Tuesday, 7 September 2021

There's Something In The Shadows (2021)

Writer-director John Williams has an anthology horror movie coming out soon called Tales Of The Creeping Death, and I am keen to see what he can do in that format. That is despite the fact that he has, with There’s Something In The Shadows, delivered one of the very worst found footage movies that I’ve ever seen.

There are good elements here, if they were separated and placed in a movie that had any way to use them coherently. First of all, the main cast are a group revolving around someone who presents YouTube videos of his investigations into supernatural shenanigans. That character is played by John Solomonides. Seems okay so far, right? Then you have the fact that they are travelling to Loch Ness. A found footage movie set on the banks of Loch Ness? I am there. Then you have a theory that a Bigfoot creature may be in that area. Wait . . . what? And there could be portals allowing for these creatures to appear, as well as causing other strange phenomena.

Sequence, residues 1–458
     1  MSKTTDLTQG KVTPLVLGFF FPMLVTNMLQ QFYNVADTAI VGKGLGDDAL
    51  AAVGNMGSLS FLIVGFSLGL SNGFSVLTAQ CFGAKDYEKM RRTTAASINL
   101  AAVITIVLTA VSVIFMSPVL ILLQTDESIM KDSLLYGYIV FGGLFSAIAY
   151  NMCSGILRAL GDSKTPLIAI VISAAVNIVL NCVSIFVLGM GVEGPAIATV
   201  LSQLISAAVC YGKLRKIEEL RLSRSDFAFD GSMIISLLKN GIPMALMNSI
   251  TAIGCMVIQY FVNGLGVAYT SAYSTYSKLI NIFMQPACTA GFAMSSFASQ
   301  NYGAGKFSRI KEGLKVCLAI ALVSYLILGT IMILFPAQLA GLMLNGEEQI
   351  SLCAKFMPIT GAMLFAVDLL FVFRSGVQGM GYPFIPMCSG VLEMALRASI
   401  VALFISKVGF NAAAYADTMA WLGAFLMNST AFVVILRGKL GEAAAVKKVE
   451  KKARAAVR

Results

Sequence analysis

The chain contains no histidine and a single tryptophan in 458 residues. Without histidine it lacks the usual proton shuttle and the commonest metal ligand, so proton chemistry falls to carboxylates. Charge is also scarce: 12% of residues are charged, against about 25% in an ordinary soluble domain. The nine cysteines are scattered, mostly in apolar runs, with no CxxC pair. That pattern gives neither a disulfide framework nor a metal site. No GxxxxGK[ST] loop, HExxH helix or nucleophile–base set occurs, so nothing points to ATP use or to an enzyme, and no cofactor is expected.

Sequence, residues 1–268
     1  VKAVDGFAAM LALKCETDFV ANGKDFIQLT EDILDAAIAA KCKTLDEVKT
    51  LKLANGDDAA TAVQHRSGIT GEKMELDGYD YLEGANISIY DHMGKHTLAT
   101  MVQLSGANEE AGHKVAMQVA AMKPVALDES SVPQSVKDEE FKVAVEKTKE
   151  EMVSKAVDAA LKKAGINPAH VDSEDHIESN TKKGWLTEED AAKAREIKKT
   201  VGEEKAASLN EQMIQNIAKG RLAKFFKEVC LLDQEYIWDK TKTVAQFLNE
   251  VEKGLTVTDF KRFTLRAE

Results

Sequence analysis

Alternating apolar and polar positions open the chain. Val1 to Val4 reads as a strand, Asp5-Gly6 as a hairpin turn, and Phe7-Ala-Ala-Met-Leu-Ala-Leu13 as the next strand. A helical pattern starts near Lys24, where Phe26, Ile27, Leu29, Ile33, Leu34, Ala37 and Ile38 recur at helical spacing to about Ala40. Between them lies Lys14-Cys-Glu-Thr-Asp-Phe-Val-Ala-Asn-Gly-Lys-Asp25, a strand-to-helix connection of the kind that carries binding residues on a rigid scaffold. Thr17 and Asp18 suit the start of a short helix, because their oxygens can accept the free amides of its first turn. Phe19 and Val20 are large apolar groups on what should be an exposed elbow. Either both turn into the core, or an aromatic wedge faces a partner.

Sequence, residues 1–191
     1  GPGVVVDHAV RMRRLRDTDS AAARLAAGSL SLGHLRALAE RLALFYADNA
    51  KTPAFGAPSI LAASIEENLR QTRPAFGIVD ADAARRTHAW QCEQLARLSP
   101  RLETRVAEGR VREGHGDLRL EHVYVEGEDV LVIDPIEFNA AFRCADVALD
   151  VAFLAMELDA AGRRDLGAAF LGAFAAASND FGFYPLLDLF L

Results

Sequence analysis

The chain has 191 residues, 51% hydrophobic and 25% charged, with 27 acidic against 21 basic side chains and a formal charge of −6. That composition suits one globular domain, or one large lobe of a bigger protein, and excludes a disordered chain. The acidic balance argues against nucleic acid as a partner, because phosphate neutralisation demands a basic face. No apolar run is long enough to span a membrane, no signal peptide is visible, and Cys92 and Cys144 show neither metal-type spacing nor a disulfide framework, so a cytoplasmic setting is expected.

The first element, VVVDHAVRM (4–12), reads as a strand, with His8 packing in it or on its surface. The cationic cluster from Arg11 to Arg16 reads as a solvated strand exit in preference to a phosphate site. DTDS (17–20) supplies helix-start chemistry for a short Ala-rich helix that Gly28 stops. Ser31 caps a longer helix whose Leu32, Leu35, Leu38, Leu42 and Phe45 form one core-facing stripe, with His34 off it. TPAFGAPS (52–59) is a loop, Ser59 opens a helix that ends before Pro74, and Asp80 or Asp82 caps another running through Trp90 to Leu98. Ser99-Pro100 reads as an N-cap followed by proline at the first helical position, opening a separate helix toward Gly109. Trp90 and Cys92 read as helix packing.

If you read all of the above and felt the same way as I did about it, you can see why I checked out early with this one. I knew that Williams didn’t care about what he was creating here. He just wanted to throw everything together, get some people acting amongst lots of trees, and move to a third act that makes you wish you had just rewatched The Blair Witch Project instead.

Solomonides doesn’t seem great in his role, but nobody is. They are stuck with the unenviable task of trying to make this nonsense seem even remotely believable. The other main cast members are Pete Bennett, Darren McAree, Williams himself, and Steve Wood. Fair play to them all for doing what is asked of them, considering what is asked of them seems like some kind of elaborate prank to rope them into an abysmal movie.

There’s nothing else to say, other than negative comments. The camerawork gets shakier when Williams needs to hide his extremely low budget, the opening title card even mis-spells the word “amateur” (admittedly, maybe some kind of small gag I just didn’t get), and there is a dummy fall/throw here on par with the worst, and most hilarious, I usually see in Italian thrillers of the 1970s.

As mentioned in the first paragraph, I am hopeful for the next movie from Williams. That at least should feel more like a proper movie, instead of a weekend lark with mates. But I advise everyone to avoid this one completely, with my generous rating simply based on the fact that the second half just managed to avoid being completely boring.

Oh, there’s also a closing credit that somehow made me resent the film even more. Plan a film around the concepts of film-making, not around a gimmick you think could excuse any and all shortcomings.


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